One Email can Change Everything

Ross MacKenzie
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Do you (really) know who sent that email?

How much damage could a single email cause? Just ask Gillian Bridge, who almost lost £400,000 after her solicitors erroneously transferred the long awaited proceeds from the sale of Bridge’s home to a fraudulent bank account. The law firm in question received an email from Bridge’s address detailing instructions to a different bank for the transfer of funds and a clerk duly complied. The problem was that Bridge never sent that email and was the victim of identity theft.

Email is one of the most innovative business (and personal) communications tools ever invented, yet when it comes to the transfer of sensitive information it falls short. For the determined attacker the reality is that most standard email systems have about as much security as a postcard sent through the mail. But when most people can send an email faster than making a phone call or visiting an office, the security implications are troubling. How can you ensure a third party is not reading the message? How do you confirm with 100 per cent certainty that instructions like a change of banking details are legitimate?

As technology evolves and professional organisations such as law firms, accountants or financial service organisations leverage email and other communication platforms to save time and money, security is a growing concern. Customers need to be able to quickly receive and respond to information, but at the same time remain safe in the knowledge that this information is confidential. Additionally user authentication is paramount to ensure that important messages (like a change in banking details) are only accepted when they are legitimate.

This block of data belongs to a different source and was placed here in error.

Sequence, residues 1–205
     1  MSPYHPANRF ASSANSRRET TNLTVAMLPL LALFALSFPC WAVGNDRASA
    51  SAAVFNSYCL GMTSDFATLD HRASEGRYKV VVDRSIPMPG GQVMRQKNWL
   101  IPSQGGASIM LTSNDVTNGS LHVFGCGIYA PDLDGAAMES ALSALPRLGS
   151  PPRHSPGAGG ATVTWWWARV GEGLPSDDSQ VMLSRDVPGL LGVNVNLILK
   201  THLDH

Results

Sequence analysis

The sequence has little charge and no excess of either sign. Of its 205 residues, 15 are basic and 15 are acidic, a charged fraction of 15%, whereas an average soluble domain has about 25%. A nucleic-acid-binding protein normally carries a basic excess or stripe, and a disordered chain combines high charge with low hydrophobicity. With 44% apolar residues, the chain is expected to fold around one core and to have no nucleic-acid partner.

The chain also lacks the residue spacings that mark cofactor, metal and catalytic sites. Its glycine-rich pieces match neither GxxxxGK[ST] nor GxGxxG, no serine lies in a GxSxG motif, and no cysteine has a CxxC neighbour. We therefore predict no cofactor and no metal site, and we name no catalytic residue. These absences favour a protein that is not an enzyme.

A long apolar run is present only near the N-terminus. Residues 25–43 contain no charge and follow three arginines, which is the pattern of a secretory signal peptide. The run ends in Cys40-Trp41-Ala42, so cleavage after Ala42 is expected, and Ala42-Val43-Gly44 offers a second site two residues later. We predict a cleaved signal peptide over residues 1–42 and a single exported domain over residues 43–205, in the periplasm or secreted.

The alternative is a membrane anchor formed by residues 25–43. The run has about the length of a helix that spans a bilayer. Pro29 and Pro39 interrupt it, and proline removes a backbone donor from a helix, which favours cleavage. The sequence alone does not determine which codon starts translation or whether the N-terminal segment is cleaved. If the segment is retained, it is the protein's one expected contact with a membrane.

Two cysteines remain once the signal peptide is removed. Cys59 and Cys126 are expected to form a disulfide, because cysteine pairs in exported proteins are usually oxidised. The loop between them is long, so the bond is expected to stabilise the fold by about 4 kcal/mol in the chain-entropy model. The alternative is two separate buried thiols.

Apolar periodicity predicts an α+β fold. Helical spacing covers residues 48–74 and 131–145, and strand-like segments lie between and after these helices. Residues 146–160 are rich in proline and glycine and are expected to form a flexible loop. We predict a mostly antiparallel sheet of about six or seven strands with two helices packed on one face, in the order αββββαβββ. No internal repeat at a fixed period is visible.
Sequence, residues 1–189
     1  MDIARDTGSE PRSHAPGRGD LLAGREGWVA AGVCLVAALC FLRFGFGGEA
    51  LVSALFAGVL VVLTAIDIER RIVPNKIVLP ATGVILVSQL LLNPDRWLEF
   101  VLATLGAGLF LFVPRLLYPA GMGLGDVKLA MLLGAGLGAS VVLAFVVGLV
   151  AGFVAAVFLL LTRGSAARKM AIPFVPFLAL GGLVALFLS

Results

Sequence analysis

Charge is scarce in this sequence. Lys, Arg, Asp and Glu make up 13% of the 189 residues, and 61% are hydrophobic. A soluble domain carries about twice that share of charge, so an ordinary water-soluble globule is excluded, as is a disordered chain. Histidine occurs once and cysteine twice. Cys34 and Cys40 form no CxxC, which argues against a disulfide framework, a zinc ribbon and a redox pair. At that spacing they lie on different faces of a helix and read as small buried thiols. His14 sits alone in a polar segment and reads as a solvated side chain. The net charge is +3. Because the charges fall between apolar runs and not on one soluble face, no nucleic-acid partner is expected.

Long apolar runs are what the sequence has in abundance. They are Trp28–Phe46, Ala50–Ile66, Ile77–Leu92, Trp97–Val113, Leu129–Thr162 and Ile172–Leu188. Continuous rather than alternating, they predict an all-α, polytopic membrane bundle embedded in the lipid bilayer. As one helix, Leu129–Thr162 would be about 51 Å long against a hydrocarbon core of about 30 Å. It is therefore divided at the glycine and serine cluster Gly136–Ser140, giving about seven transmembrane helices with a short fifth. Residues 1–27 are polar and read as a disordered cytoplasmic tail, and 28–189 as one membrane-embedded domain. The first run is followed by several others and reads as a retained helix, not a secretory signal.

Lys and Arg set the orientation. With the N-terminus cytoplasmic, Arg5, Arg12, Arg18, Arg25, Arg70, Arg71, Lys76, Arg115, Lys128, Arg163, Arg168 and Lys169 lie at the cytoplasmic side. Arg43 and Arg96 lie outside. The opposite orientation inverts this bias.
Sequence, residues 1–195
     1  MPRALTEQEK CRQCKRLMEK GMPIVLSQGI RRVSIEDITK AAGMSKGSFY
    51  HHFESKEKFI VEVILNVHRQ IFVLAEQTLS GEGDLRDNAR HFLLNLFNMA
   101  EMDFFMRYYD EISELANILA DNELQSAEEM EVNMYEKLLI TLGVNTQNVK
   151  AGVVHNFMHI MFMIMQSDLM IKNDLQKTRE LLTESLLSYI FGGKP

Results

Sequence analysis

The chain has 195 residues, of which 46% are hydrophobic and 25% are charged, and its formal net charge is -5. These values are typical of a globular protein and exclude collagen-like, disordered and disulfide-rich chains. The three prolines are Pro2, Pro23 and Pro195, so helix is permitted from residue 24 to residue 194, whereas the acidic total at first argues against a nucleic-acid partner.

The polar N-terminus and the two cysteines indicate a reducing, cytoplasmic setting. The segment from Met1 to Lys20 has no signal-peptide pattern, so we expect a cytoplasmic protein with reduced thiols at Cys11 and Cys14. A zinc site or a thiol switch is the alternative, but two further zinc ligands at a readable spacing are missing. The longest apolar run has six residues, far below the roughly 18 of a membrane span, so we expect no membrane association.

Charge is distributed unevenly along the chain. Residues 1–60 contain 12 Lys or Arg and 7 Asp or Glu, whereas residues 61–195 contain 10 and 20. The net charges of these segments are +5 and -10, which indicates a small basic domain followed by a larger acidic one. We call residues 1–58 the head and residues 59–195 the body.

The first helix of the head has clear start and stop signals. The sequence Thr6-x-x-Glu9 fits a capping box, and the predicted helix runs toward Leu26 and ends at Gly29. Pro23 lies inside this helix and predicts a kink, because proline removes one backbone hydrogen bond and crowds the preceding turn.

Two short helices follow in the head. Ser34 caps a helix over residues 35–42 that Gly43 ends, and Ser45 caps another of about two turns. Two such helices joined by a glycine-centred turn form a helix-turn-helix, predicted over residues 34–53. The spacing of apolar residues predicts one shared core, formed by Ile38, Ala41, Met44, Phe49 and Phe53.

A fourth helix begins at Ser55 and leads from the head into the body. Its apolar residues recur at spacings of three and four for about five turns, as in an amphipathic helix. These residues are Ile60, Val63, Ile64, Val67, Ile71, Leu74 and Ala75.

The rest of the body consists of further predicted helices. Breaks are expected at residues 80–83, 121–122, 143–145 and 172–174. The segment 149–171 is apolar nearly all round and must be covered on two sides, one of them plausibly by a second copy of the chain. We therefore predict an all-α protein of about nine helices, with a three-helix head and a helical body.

Put yourselves in the shoes of that solicitor’s clerk responsible for processing transactions or requests from customers quickly and efficiently. His or her priority is to ensure work gets done on time and is unlikely to be trained in information security or fraud detection. He or she receives a client request from a known email address and processes the request before moving on to the next. Should the clerk be accountable for this mix-up or is it the firm, which hasn’t adequately built protection for these scenarios?

Technology may be the answer, but only if it is applied thoughtfully and holistically. You can effectively wrap protection around your business communication using a number of security products and services. However, before that happens, a thorough investigation of all the moving pieces of the business should be the primary order to understand where the greatest risks lie and what the best course(s) of action will be.

Gillian Bridge did eventually receive her money, thankfully, but only after a drawn-out process involving a great deal of time, effort and stress on her part. You can be sure the next time she chooses to work with a professional services firm many more questions will be asked.

The moral of this story? In our view, any company who can proactively show its customers exactly how their information and livelihood is being protected will stand head and shoulders above the competition.

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